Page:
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Tooley, K. (1974). Words, Actions and 'Acting Out': Their Role in the Pathology of Violent Children. Int. R. Psycho-Anal., 1:341-350.

(1974). International Review of Psycho-Analysis, 1:341-350

Words, Actions and 'Acting Out': Their Role in the Pathology of Violent Children

Kay Tooley


An effort to treat and to resocialize children who present problems of violent behaviour has necessitated close attention to the relationship between words, actions and acting out. Theoretical contributions by several authors have focused our attention on the importance of the transitional object stage of development during which the child moves from a pleasure to a reality orientation and to a reliance on secondary-process thinking. Two modes of implementing the successful negotiation of this transition have been examined for their implications for this particular pathological population: The concept of 'action as tool' in self-definition and the concept of 'language as tool' in the same task. Violent children seem to be prematurely encouraged in the discovery of action as a tool in the exploration of the real world, and in the confirmation of the self as defined by their bodies in action. Some observations are reported in order to illustrate the claim that the mothers of violent children while encouraging action in their children do not provide the maternal function of protecting, monitoring and circumscribing the young child's actions. As a consequence, the child hurts himself and develops considerable fear of his physical environment; he angers other adults and older siblings by his actions and thus develops considerable fear and guilt in regard to his human environment.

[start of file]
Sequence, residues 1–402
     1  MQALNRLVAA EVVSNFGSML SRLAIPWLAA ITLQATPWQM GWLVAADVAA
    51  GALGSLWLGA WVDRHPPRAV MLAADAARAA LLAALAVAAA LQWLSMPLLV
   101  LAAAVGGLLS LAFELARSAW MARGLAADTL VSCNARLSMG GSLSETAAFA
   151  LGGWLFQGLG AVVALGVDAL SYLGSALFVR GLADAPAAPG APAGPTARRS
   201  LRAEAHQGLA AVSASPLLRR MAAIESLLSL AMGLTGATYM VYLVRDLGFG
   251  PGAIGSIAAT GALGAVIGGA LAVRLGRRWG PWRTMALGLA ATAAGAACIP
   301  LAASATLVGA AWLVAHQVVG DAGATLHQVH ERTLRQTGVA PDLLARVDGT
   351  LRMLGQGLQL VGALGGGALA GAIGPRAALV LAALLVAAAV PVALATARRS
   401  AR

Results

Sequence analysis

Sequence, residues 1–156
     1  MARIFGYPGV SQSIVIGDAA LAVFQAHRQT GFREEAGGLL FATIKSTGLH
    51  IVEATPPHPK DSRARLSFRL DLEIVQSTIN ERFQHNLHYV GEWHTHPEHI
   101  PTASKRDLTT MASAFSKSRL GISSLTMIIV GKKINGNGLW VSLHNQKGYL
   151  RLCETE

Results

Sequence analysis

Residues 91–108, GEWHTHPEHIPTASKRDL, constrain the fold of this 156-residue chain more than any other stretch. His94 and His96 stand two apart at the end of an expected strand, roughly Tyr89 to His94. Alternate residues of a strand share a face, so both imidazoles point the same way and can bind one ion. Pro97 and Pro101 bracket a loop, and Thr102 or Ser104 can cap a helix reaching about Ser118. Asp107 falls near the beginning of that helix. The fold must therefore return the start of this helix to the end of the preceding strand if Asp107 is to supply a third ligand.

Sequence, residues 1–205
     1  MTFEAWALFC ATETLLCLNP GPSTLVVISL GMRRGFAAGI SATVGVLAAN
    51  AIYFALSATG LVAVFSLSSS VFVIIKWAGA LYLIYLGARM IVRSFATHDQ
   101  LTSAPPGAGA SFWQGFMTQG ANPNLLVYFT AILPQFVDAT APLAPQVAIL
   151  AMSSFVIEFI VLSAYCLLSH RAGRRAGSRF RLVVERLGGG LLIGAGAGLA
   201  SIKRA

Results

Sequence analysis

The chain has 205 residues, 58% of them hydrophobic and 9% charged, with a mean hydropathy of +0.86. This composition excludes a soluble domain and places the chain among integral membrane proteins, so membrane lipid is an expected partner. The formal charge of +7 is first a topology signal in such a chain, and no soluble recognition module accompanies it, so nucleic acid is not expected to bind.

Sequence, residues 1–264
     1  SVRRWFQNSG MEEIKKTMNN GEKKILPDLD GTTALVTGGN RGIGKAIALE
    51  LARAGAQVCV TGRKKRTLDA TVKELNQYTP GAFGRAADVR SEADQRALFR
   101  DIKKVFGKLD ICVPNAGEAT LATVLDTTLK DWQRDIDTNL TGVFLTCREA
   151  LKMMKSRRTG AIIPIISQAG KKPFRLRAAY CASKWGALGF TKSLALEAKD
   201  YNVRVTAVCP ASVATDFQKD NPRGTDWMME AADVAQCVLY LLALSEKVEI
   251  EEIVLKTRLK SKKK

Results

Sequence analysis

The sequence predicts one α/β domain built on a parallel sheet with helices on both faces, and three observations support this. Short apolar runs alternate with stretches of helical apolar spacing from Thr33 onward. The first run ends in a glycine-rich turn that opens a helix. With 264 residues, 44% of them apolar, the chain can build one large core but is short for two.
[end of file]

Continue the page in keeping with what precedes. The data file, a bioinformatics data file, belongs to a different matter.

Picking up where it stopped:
Other observations are reported to support the contention that these mothers do not encourage the development of 'language as tool' in self-definition. Words do not achieve a function in describing inner reality. Parents may discourage the use of words to mirror and control outer reality.

The contribution of primal scene traumata to the pathology of violence is enlarged by the parents' indiscriminate use of sex and aggression as a means of settling disagreements and by the child's tendency to provoke angry abuse from a parent by his crying during sexual activity. Because of the weakness of the child's self–other discriminations, confusion results as to whether he is the attacker or the attacked in sexual–aggressive situations; he may also lose the distinction between onlooker and participant. These several confusions are observable in their contemporary behaviour in threat situations.

Language seems to retain a magical, animistic significance for violent children, while violent action seems to represent an archaic adaptive function that has its prototype in the infants' alarmed acceleration of activity when startled or upset. When the tendency to use action defensively is controlled and the children begin to trust words to a greater extent, they may be startlingly open in their readiness to remember and report historical trauma and present concerns.

Psychoanalytic theory and principles provide many useful insights into the aetiology of violent behaviour, and also suggest directions for the development of techniques useful for work with a disturbed and disturbing population historically considered not amenable to treatment.

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